What Muscles Do Hammer Curls Work?

What Do Hammer Curls Work
Photo Credit: Andres Ayrton / Pexels

Hammer curls are a popular bicep exercise that targets several upper arms and forearm muscles. This exercise involves holding dumbbells with palms facing each other, resembling a hammer’s grip.

Let’s closely examine the benefits of hammer curls and the muscles involved in performing this exercise.

Understanding Hammer Curls

Hammer curls are a great exercise to add to your workout routine to target your biceps and forearms. But before we dive into the muscle groups worked by hammer curls, let’s take a closer look at how to perform this exercise for maximum results.

Begin by standing straight with your hips and feet shoulder-width apart. Hold the dumbbells by your sides with your palms facing your thighs. This starting position is crucial for maintaining proper form throughout the exercise.

What is Hammer Curls?

Hammer curls involve lifting the dumbbells up to shoulder height while keeping your elbows stationary. As you perform the lift, your forearms contract, and your biceps stretch. This movement targets the brachialis muscle, located underneath the biceps, which helps increase your arms’ overall size.

Lower the weights slowly to the starting position and repeat to complete one rep. It’s important to control the movement on the way down to avoid any sudden jolts or jerks that could lead to injury.

How to Perform Hammer Curls Correctly

It is essential to perform hammer curls correctly to avoid injuries and achieve optimal results. To do so, ensure your elbows remain close to your sides throughout the exercise and only your forearms move. This will help isolate the biceps and forearms and prevent unnecessary strain on your shoulders or back.

Keep your wrists straight and grip the dumbbells tight throughout each rep. This will help to engage your forearm muscles and give you a stronger grip on the weights.

To avoid swinging or jerking movements, tense your biceps and forearm muscles while lifting and lowering the weights. This will help you maintain control and prevent momentum from taking over.

Remember to breathe throughout the exercise and take breaks as needed. It’s better to perform fewer reps with proper form than to rush through the exercise and risk injury.

Incorporating hammer curls into your workout routine can help you to build stronger, more defined biceps and forearms. By following these tips for proper form, you can ensure that you are getting the most out of this exercise and avoiding any unnecessary strain or injury.

Primary Muscles Worked by Hammer Curls

Hammer curls are a popular exercise for building upper arm strength and size. They are a variation of traditional bicep curls and are performed using a neutral grip, with the palms facing each other. While the biceps brachii muscle is the primary muscle worked during hammer curls, other muscles are also activated and contribute to the overall effectiveness of the exercise.

Biceps Brachii

The biceps brachii muscle is located in the front upper arm and is crucial in elbow flexion and forearm supination. It is the primary muscle worked during hammer curls. The alternating movement targets both the muscle’s long and short heads, leading to a defined and toned look. Additionally, the biceps brachii muscle provides stability to the shoulder joint during the exercise.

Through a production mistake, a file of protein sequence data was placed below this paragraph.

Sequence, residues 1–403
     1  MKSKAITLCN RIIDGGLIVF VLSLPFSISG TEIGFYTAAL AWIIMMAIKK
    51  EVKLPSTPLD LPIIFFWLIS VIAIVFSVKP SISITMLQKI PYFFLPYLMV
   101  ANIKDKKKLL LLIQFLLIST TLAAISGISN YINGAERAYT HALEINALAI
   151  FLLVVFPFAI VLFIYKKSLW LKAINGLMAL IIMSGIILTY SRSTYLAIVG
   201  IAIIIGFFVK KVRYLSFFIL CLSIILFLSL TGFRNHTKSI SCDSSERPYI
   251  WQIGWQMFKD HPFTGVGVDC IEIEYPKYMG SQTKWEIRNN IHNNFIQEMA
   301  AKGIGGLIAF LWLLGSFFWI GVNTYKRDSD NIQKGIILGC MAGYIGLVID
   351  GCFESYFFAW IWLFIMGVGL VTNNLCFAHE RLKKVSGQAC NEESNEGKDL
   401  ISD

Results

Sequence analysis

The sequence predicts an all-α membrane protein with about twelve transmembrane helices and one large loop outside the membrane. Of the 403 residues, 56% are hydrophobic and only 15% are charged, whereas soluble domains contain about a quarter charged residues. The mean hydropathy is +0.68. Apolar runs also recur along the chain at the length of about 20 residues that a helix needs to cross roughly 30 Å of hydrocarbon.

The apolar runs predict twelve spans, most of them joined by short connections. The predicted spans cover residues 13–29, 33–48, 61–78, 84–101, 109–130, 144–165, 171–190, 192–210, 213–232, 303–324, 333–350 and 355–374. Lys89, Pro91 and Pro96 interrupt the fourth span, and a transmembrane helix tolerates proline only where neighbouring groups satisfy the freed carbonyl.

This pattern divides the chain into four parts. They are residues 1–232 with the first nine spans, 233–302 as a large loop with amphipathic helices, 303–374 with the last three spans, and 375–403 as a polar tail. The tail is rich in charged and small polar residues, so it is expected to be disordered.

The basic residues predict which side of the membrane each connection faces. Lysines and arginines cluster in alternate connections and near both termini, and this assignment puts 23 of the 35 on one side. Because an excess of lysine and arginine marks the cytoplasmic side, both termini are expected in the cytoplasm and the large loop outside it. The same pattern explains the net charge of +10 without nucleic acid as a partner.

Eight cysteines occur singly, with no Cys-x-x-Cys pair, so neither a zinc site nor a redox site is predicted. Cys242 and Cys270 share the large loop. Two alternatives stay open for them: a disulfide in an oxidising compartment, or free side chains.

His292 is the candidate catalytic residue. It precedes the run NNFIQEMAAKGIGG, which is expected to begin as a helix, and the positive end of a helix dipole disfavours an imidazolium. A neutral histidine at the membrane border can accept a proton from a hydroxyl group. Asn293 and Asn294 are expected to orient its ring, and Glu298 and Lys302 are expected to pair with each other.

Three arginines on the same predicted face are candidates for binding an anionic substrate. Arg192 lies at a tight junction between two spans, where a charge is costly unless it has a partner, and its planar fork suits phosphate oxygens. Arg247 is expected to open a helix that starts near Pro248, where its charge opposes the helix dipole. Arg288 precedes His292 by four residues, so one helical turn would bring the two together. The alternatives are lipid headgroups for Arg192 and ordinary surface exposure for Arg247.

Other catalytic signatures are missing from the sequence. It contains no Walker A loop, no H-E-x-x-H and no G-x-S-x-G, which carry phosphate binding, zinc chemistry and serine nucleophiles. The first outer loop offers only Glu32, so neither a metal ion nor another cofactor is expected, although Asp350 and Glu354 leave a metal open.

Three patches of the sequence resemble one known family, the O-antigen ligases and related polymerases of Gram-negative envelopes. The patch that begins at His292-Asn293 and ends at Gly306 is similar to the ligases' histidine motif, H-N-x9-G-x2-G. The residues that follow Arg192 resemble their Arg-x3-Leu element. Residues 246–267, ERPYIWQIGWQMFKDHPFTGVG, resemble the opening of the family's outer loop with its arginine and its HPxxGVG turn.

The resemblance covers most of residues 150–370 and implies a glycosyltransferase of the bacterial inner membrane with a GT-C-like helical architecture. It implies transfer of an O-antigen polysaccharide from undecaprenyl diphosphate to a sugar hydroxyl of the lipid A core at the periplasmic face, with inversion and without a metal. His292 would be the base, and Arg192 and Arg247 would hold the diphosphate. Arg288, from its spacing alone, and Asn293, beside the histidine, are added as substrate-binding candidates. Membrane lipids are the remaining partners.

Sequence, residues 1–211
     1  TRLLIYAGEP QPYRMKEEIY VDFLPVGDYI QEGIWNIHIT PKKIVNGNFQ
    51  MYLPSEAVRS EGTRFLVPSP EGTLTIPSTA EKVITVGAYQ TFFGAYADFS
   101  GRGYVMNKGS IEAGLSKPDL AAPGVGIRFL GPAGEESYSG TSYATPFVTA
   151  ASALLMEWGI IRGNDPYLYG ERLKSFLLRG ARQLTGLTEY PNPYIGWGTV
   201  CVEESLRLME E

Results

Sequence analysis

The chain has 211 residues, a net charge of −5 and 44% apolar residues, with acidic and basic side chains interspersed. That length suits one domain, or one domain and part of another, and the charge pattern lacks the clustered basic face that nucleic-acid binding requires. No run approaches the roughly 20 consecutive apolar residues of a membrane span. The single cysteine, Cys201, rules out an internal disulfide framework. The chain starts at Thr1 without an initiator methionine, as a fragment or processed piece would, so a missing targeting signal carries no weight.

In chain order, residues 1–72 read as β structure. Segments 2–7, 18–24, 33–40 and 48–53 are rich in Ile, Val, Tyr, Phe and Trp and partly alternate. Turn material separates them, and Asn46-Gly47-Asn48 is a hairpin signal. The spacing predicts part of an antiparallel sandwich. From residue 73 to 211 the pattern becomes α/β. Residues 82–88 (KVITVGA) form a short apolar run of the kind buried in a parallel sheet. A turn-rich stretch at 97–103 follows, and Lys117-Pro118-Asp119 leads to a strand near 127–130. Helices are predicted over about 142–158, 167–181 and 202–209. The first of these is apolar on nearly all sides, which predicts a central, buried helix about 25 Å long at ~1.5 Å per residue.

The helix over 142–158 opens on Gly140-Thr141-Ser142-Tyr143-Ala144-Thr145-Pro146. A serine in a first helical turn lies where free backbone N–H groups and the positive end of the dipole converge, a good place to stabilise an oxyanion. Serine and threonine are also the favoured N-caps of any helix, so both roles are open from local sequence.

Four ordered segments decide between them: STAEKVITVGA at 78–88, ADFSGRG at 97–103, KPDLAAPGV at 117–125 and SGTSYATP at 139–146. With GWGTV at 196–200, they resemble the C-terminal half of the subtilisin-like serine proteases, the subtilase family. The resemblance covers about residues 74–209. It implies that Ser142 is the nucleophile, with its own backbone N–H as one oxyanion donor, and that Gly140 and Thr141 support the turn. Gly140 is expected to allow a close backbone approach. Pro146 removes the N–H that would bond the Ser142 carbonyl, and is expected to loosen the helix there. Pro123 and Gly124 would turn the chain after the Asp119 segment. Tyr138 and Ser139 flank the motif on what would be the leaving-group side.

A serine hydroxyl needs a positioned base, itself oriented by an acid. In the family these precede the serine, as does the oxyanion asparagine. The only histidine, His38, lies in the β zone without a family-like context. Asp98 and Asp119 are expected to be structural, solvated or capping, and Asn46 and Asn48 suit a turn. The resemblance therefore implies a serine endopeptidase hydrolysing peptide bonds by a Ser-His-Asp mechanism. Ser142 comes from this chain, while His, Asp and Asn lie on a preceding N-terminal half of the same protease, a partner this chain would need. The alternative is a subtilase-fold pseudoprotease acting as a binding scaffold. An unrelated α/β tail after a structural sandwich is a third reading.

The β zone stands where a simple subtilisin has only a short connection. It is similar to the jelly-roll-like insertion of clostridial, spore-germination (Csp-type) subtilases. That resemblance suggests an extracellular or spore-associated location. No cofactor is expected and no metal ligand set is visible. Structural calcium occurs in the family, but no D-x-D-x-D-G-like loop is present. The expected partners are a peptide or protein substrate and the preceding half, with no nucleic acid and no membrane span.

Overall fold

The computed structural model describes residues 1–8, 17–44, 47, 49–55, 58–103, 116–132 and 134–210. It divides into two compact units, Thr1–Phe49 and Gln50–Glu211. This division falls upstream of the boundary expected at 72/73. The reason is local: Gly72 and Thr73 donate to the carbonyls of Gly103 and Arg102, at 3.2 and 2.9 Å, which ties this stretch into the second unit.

The brachialis muscle is located below the biceps brachii, and its main function is elbow flexion. Performing hammer curls with a neutral grip, instead of a supinated grip, places more stress on the brachialis muscle. Thus, it helps to strengthen and build thicker arms. The brachialis muscle is often overlooked in traditional bicep exercises, so incorporating hammer curls into your workout routine can help target and develop this muscle.


The brachioradialis muscle is located near the forearm and plays a critical role in elbow flexion and wrist extension. This muscle becomes more active as you perform hammer curls. As a result, this exercise helps build forearm strength and size. The brachioradialis muscle is also important for grip strength, which can benefit athletes who need to maintain a strong grip, such as rock climbers or weightlifters.

When performing hammer curls, it is important to maintain proper form and technique to avoid injury. Start with a weight that is comfortable for you and gradually increase the weight as you become stronger. Aim for 2-3 sets of 10-12 repetitions, with a rest period of 30-60 seconds between sets. Incorporating hammer curls into your workout routine can help target and develop the muscles in your upper arms and forearms, increasing strength and size.

Secondary Muscles Involved in Hammer Curls

Hammer curls are a popular exercise for building bicep strength and definition. While the brachioradialis is the primary muscle targeted during hammer curls, several other muscles are also involved in the movement. Understanding the secondary muscles worked during hammer curls allows you to maximize your workout and achieve better overall results.